Thursday, March 31, 2016

YPB: Vidya Game News – March 31, 2016

Yearly reminder: Friday is April 1, so any of these stories have a chance of being false in the future, unfortunately.

- From a site called MEL, Sam Stecklow has a great read on Socks the Cat Rocks the Hill, a cancelled video game for the SNES and Genesis based on the Clintons’ cat… OR IS IT CANCELLED?!?! There might be a Kickstarter campaign to get it properly released.

- Sam Machkovech of Ars Technica has a long write-up of some of the cooler panel talks at the Game Developers Conference. Among the revelations: Ms. Pac-Man began as a speed-up kit, and Diablo was originally going to be a turn-based game.

- Atlas Obscura has a good, long read from Eric Gundhauser on the non-rise and quick fall of the Phillips CD-i.

- Speaking of failed systems… Deuce of WRRV 92.7 and 96.9 links to a 30-minute Atari Jaguar informercial, which is crazy go nuts.

- And speaking of Atari, Joey Morona of has a slideshow of their ads.

- Seth G. Macy at IGN has a neat piece on some trivia about classic NES games. Covered are The Legend of Zelda, Castlevania, Mario, Mega Man, Metroid and the Konami Code.

- In current events news, Batman v. Superman: Dawn of Justice has done about $193 million at the domestic box office, and $501 million worldwide, according to Box Office Mojo. This means we’ll probably get more of them, despite the 29 percent rating from Rotten Tomatoes. Yaaaay… Esquire’s Tyler Coates has a piece that is titled perfectly: “How did Batman go from being fun and gay to sad and boring?

- Depending on the platform, Lego Star Wars came out this week in 2005. It was the first of many Lego games by TT Games, and almost all of them have been well-reviewed. They’re perfect for your sweet baby boys and girls at home to get into!

- Although the SNES rightly gets a lot of credit for popularizing the RPG genre, the PSX probably remains the platform that just had the most “what the hell?” RPGs, and a surprising amount made it to the U.S. Such as… Rhapsody: A Musical Adventure, from Nippon Ichi, the makers of the Disgaea series. It’s the same sort of tactical, turn-based RPG game as later Nippon Ichi titles, but it came out in 1998, four years before La Pucelle: Tactics and five years before Disgaea.

- StarCraft came out for the PC in 1998. For way more on that game, check out our episode from November!

- In 1997, Doom 64 came out for, you guessed it, the Nintendo 64. While it didn’t get much attention, it is Steve’s favorite version of Doom because it adds some weapons and looks a bit nicer than some of the older PC versions.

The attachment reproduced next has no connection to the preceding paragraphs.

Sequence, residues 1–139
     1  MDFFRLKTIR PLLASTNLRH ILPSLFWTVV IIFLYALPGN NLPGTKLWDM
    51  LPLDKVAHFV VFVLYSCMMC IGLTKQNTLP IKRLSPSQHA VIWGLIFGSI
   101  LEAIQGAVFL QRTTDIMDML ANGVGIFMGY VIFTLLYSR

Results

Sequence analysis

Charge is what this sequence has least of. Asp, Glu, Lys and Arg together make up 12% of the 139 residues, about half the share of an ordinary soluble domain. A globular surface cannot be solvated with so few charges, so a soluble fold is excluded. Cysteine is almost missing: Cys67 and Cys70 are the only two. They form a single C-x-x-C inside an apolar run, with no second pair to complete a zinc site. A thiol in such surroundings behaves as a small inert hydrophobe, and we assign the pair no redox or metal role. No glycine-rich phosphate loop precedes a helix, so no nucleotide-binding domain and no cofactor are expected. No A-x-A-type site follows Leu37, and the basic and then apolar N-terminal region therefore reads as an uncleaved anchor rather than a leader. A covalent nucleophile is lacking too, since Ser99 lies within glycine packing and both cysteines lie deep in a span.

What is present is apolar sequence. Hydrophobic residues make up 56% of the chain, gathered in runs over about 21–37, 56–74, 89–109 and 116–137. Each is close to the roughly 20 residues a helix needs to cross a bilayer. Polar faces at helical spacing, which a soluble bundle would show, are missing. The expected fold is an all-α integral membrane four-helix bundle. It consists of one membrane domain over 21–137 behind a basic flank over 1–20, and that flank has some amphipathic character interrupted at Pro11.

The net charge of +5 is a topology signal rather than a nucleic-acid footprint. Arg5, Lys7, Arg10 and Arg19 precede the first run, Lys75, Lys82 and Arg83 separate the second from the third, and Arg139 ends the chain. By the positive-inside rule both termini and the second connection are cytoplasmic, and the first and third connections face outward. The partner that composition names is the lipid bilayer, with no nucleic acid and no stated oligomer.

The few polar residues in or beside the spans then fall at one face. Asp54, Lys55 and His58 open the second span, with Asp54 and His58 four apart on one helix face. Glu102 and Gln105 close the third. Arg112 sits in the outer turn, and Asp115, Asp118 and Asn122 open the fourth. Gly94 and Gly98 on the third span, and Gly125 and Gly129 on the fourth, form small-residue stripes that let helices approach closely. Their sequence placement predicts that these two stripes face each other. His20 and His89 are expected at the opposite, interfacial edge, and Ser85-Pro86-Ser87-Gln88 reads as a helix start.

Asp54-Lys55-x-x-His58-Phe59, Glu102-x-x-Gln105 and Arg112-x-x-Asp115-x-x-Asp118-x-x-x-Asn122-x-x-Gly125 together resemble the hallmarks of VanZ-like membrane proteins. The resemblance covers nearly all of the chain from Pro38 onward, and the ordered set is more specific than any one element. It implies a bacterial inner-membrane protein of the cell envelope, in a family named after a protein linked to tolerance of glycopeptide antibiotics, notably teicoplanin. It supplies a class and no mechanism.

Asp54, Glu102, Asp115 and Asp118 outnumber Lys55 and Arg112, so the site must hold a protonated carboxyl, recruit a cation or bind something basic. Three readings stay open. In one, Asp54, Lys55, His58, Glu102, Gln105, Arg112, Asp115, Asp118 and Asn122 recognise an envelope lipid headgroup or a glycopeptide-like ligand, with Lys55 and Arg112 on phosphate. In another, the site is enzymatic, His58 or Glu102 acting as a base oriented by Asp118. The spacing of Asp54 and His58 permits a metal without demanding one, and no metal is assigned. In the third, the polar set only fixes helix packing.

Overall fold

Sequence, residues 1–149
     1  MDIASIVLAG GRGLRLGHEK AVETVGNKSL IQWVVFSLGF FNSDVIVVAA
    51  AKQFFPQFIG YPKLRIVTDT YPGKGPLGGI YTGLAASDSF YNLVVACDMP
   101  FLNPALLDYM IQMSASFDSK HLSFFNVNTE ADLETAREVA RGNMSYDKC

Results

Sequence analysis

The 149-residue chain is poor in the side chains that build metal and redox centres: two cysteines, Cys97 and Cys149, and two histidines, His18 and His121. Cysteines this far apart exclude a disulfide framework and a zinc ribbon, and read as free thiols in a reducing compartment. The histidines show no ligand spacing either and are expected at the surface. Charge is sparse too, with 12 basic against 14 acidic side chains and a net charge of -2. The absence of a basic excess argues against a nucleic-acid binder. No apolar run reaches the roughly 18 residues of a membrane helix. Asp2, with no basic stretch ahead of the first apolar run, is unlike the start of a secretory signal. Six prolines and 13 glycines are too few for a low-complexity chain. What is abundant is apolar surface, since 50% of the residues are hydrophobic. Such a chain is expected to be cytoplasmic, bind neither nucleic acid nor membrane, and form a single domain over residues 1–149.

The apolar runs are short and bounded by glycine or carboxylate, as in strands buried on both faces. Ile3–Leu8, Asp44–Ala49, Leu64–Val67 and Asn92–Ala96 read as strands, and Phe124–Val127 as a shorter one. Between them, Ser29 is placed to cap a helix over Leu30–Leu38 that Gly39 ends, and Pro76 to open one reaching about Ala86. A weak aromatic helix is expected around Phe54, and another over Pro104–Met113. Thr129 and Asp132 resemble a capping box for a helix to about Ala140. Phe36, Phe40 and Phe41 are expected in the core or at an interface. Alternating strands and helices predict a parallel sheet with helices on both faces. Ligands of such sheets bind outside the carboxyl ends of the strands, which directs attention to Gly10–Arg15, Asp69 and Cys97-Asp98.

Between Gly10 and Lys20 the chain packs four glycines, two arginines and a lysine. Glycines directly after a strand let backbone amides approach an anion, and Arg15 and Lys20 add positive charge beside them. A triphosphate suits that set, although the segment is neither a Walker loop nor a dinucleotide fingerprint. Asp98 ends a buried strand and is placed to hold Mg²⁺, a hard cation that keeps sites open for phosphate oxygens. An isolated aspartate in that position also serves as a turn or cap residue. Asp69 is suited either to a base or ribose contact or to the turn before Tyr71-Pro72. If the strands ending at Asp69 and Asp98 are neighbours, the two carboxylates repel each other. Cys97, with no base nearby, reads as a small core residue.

- And oh yeah, Resident Evil came out in 1996. I guess it’s kind of a big deal, too.

Video game history information comes from GameFAQs and Moby Games. And as always, if you’d like to support the show, do so via our Amazon link.

Wednesday, March 30, 2016

Inexplicable TV Review: Jessica Jones (and her interesting co-stars)

Note: Season one spoilers for Jessica Jones follow. It’s been on Netflix for a couple months though, so I imagine I’m one of the last people to see it anyway…

One of the issues with Netflix being a provider of shows now is that they don’t air commercials. Now, commercials are usually just kind of annoying, but I must admit that after binging on Jessica Jones and the second season of Daredevil this past weekend, it’s nice to have a few minutes to catch my breath and to decompress.

I think the problem is more pronounced with Jessica Jones, which is a bit slower paced and drawn out as compared to conventional network shows and even Daredevil. The noir, detective elements of the show are cool, but I don’t feel like they’re utilized as well as they could be. This is a show that really could have used some lighter, “mystery of the week” episodes, a la The X-Files, as a bit of a break-up from the dark, season-long arc of Jessica’s pursuit of Kilgrave.

However, I’m being a bit needlessly negative at the start here! Overall, I thought Jessica Jones was a continuation of the fine foundation set by the first season of Daredevil. You don’t have to watch one to appreciate the other, but they both have the same sort of tone to them. They feel like well-planned, developed projects, as opposed to the ultra-aggressive (and seemingly stupid) D.C. movies.

While Ritter does solid work as the title character, I thought she was more of a B, B+ in the role. It’s tough, because I’ve seen Don’t Trust The B****, probably one of the five people in the world who has. That show remains one of my favorites, and features Ritter at her snarkiest, so Jessica Jones just seems like a more badass, less humorous version of The Bitch in Apartment 23.